If the world held a beauty pageant for landmarks, the Eiffel Tower would stand a good chance of winning. It's a beautiful monument, for sure, and I'm extremely privileged to have seen it sparkling in the night sky above Paris.
But during the last two months, I had not been able to get anywhere near it.
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When France's lockdown began on March 17, 2020, I found myself stuck in asuburb next to Paris. Due to severe travel restrictions designed to curb the spread of Covid-19, no one had been able to venture beyond their immediate surroundings without risking a three-figure fine.
And so, despite living just a kilometre from the capital, I'd been no closer to entering its gates than when I'd been living in New Zealand.
No surprises, then, that on the the first day of déconfinement, I seized the opportunity to rediscover a city that had kept me at bay.
On that cold Monday morning I left home, leaving my tattered attestation form behind, and crossed into Paris.
After eight weeks of quarantine, there was no telling what Paris I could expect to find. But at least one thing was clear: that day was far from summer.
Somehow, after two months of glorious sunshine, pre-lockdown weather was back on the menu. It was as if winter itself had gone into confinement, only to reemerge on the same day as the whole country.
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As I walked through the 15th arrondissement, I saw Parisians in thick winter coats.
Whenever a stranger crossed their paths, they would perform street acrobatics to avoid entering their bubble. Darting around in all directions, their eyes were a picture of constant worry.
Unlike last time I'd been in the City of Lights, most people now had masks on, which made the streets look like a plain-clothes surgeon convention.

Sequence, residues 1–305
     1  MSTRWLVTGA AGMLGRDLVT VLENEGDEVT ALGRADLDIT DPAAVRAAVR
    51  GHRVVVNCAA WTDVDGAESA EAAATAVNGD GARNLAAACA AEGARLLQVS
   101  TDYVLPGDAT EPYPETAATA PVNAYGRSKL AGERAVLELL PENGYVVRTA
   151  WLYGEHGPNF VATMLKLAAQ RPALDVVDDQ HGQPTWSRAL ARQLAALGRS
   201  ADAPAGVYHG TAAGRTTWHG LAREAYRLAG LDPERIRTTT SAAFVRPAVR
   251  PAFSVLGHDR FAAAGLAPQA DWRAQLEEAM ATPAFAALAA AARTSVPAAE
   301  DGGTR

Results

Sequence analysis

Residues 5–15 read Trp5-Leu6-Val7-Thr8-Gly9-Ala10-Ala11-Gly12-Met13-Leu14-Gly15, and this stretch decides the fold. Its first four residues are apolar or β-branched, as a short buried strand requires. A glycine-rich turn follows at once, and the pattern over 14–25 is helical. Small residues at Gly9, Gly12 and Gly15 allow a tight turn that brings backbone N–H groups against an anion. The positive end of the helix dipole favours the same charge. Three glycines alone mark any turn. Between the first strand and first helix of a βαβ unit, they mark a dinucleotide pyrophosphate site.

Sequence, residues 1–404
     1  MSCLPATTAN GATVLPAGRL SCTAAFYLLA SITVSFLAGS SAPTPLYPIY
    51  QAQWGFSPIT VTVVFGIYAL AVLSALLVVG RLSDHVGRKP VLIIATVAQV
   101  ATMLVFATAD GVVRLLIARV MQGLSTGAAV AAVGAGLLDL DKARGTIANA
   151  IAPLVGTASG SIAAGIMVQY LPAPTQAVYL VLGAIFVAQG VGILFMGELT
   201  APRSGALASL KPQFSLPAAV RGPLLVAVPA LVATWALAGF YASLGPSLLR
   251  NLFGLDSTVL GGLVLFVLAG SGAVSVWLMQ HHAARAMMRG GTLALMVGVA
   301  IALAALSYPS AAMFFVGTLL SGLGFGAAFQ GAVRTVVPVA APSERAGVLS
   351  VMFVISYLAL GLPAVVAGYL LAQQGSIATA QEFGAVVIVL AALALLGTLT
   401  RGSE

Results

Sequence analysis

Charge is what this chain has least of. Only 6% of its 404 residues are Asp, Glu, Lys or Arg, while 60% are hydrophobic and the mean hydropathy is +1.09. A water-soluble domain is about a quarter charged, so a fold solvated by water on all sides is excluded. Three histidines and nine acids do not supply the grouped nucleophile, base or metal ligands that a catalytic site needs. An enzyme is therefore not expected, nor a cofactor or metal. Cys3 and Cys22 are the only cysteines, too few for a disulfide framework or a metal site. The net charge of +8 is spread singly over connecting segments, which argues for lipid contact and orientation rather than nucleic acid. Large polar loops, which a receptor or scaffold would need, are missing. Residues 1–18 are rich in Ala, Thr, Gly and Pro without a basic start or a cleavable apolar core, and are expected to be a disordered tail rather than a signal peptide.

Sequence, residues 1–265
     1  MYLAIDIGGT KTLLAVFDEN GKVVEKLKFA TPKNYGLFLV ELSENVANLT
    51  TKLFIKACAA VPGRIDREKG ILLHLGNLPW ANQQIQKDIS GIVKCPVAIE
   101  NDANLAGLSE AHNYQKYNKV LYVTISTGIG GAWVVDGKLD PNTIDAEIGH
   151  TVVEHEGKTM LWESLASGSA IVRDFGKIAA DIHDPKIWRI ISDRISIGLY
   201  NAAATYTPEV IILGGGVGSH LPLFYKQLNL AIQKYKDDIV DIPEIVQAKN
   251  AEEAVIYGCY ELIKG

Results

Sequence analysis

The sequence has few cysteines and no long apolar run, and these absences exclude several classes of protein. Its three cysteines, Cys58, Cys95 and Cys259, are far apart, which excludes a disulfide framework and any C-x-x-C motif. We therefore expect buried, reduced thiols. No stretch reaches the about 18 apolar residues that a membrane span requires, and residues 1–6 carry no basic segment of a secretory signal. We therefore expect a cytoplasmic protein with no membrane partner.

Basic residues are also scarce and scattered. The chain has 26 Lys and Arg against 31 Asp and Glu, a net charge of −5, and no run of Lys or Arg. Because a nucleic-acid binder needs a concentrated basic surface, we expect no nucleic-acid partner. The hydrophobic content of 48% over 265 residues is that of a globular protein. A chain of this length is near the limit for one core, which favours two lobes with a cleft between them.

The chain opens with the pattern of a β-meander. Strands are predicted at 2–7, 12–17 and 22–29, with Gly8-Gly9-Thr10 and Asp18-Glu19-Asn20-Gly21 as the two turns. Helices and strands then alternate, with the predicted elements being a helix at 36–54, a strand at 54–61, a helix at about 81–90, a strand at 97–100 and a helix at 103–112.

Passing a cathedral in Montparnasse, I saw volunteers handing out food. Nearby, rows of delivery bikes were stationed next to restaurants.
When Ernest Hemingway described Paris as "a moveable feast", he probably didn't have Uber Eats in mind. But with indoor dining still out of the question, takeaway sushi wasn't such a bad option.
Passing through an eerily quiet Latin Quarter, I crossed a bridge that led to Notre Dame.
Behind a makeshift fortress, the fire-ravaged cathedral appeared to be social distancing from the public.
Although Paris might be one of the world's great travel destinations, it seemed that neither its travellers nor its destinations were present. It wasn't all that long ago when a Paris without tourists had seemed inconceivable, but so far nothing about this year has made much sense.
In the area near the closed-off Centre Pompidou, I found an outdoor stand and ordered a crêpe. The man at the counter was impeccably polite and friendly, to a degree verging on the unnatural.
Now that foot traffic was at a premium, eateries were fighting toothy smile and nail for every euro they could get their gloved hands on. If Paris had a reputation for surliness, there were sure no signs of it here.
I walked along the banks of the Seine and headed towards the Louvre. A scattering of passersby were aiming their cameras at the museum's glistening exterior, which remained closed to the public. A solitary figure exited the main pyramid, but the square was otherwise barren.
Passing a forsaken Jardin des Tuileries, I reached the Champs-Élysées. Cars and scooters were zooming down the avenue, but there were no tour buses in sight.
On the adjacent Avenue Montaigne, a queue of shoppers were waiting outside a Gucci store for the chance to stock up on handbags. At a time when so many people were scavenging for their next paychecks, at least some had their priorities straight.
I headed down the 16th arrondissement towards Trocadero, where some figures were shooting the Eiffel Tower. Nearby, groups of teenagers were sitting on steps, still in exile from high school.
Walking down the steps, I came across a motionless carousel. A masked employee was standing next to unicorns, looking out for potential customers.
Accordion music came out of invisible speakers, but no one had a ticket to ride.
When the rush hour had finished, I descended into the underground. Save for a few homebound souls, my carriage was void of all life. On every second seat, a sticker asked passengers to sit elsewhere.
After exiting the train, I walked through the subterranean labyrinth to change lines. On the walls, advertising posters bore the scars of Sharpie vandalism. The faint smell of ammonia lingered in the tunnels, but bereft of commuters and buskers they were tumbleweed quiet.
The lockdown might be over, but it was clear that Paris hadn't yet arisen. As to when that might occur, only time will tell.
• William Sidnam is a New Zealander, and was on his OE when the Covid-19 coronavirus pandemic struck.